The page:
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Psychopathology of Childhood


reviewed by G. Gail Gardner - 1967

coverTitle: Psychopathology of Childhood
Author(s): Jane W. Kessler
Publisher: John Wiley, New York
ISBN: , Pages: , Year:
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Dr. Gardner here reviews two landmark books in the history of psychopathology, particularly as that history involves young children. She emphasizes the fact that both Anna Freud and Jane Kessler take seriously the qualitative differences between children and adults. Like John Dewey some years ago, they refuse to see the child as a miniature adult and thus go far in clearing up some confusions respecting the diagnosis of pathological symptoms, the determination of "readiness" to enter school, and certain developmental problems in speech and language as they confront many teachers. Not only do these two books represent a breakthrough in psychological literature; they hold, Dr. Gardner suggests, exciting relevance for the work now done in schools.


Boys grow up to be men and girls to be women. Since the beginning of history, ritual has celebrated this fact and great thinkers have pondered its meaning. Plato asked what sorts of experiences were needed to mold a newborn child into this or that sort of adult. Sigmund Freud observed neurotic adults and tried to recapture their childhood memories in order to learn how they had become what they were. While these questions have obvious value, they imply that childhood is important only insofar as it is a necessary precursor of adulthood.


As Western man has become more efficient and prosperous and has not had to concentrate so much on sheer survival, he has been able to allow himself to perceive childhood as a source of pleasure in itself and children as having the right to enjoy life's early years. In short, it is no longer demanded so soon that one put away childish things and become a man.


These developments are clearly outlined in the history of psychopathology. In the beginning, disturbed or defective children were left in the wilderness to die, for it was a sure prediction that they would not grow into productive adults. Later, troubled children were accorded the same right of survival as troubled adults, and they were herded together into asylums and prisons. In many places today, this is the extent of the progress. Children and adults may be geographically separated in institutions, but the varieties of punishment and treatment are often similar.


Even in psychiatric institutions serving only children, the categories of diagnosis have typically been modelled after the existing adult nomenclatures. Sensing that something was wrong with this procedure, the category "adjustment reaction of childhood" has been added, but this communicates little more than the psychiatrist's reticence to brand a child mentally ill.


Now there is finally a significant step toward breaking away from the idea that children are no more than adults in miniature. Anna Freud and Jane Kessler both insist that there are qualitative as well as quantitative differences between children and adults, and they complement each other in providing detailed descriptions of normal and pathological development in childhood, methods of childhood psychodiagnosis, and implications for child-rearing, education, and child psychotherapy.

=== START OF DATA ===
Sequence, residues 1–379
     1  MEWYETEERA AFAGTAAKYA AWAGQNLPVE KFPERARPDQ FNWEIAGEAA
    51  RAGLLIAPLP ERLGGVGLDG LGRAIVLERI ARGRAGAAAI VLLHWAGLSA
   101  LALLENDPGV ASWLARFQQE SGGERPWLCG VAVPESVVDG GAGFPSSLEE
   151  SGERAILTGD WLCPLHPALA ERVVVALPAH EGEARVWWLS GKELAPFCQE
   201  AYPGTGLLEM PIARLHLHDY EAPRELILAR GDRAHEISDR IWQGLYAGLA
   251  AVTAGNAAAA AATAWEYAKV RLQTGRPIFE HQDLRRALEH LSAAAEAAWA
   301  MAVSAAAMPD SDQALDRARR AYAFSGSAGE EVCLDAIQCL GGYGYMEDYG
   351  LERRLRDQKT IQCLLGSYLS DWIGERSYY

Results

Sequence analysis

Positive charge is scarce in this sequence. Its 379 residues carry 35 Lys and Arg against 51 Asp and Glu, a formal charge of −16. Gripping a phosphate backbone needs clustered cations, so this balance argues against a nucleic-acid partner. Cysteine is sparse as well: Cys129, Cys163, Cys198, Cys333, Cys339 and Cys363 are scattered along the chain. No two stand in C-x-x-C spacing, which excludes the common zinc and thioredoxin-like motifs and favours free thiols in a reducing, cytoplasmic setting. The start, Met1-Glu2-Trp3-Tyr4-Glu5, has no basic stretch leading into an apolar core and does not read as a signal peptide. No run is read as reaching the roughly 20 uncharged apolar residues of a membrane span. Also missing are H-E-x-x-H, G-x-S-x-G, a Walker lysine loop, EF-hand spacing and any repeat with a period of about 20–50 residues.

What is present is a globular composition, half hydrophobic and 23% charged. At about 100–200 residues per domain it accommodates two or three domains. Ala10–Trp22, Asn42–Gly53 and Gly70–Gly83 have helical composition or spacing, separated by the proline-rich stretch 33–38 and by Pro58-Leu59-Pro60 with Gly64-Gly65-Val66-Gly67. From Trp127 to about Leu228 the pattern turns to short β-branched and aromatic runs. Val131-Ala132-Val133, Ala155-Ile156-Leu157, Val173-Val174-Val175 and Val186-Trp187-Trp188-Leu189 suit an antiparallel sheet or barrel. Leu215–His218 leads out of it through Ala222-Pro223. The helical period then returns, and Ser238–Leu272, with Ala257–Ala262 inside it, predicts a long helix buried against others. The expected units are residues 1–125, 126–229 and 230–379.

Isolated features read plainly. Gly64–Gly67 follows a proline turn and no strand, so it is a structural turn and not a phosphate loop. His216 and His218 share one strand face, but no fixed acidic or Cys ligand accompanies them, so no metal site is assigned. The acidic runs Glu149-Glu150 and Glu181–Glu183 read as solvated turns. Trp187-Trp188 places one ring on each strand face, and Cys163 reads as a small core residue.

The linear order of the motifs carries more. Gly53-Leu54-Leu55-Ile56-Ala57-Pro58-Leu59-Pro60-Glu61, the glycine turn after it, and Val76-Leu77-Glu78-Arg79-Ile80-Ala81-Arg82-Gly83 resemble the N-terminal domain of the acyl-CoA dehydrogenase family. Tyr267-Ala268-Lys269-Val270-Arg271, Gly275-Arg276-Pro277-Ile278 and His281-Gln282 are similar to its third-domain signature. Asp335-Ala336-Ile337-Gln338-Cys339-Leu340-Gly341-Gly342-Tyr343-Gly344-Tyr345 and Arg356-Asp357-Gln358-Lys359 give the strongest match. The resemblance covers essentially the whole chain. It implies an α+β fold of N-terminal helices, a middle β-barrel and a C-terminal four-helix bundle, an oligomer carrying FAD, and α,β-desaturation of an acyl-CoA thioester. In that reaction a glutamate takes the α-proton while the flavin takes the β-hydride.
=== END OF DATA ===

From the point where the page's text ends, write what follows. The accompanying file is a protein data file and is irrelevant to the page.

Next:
Both Freud and Kessler criticize the current tendency to diagnose children on the basis of their symptoms. They emphasize that childhood is a time of development and change and that behavior which is pathological at one age is quite normal at another. Thus in order to evaluate the meaning of a given symptom, one must relate it to developmental lines. For example, excessive fear of strangers is pathognomic in a six-year-old child, but when it occurs in a child of eight months, it indicates the development of healthy emotional attachments and discriminatory powers.


Even at a given age, the presence of a symptom does not, by itself, indicate pathology. If a six-year-old craves frequent physical contact during the day, this suggests that development toward independence has been blocked. But if the same child asks to be close to his mother when he is frightened, tired, or hurt, this is quite normal, and absence of this dependent behavior might be considered pathological.


Even when a child displays a clearly pathological symptom, both Freud and Kessler are emphatic in pointing out that few conclusions can be drawn concerning etiology and appropriate treatment. In one area of pathology after another, Kessler notes the inconclusive and contradictory research findings, and she points to the fallacious notion that children in a given pathological category, e.g., brain damage or underachievement, are necessarily a homogeneous group. The sources and expressions of these and other symptom patterns are manifold, and the terms alone have little meaning.


A major contribution in both books is that the authors not only define inadequacies in previous classification systems, but they also offer solutions. Freud introduces her concept of developmental lines, stating that childhood psychopathology is present either when there is excessive disharmony in different areas of development or when psychic development is slowed down, blocked, or reversed. Kessler agrees essentially with this position.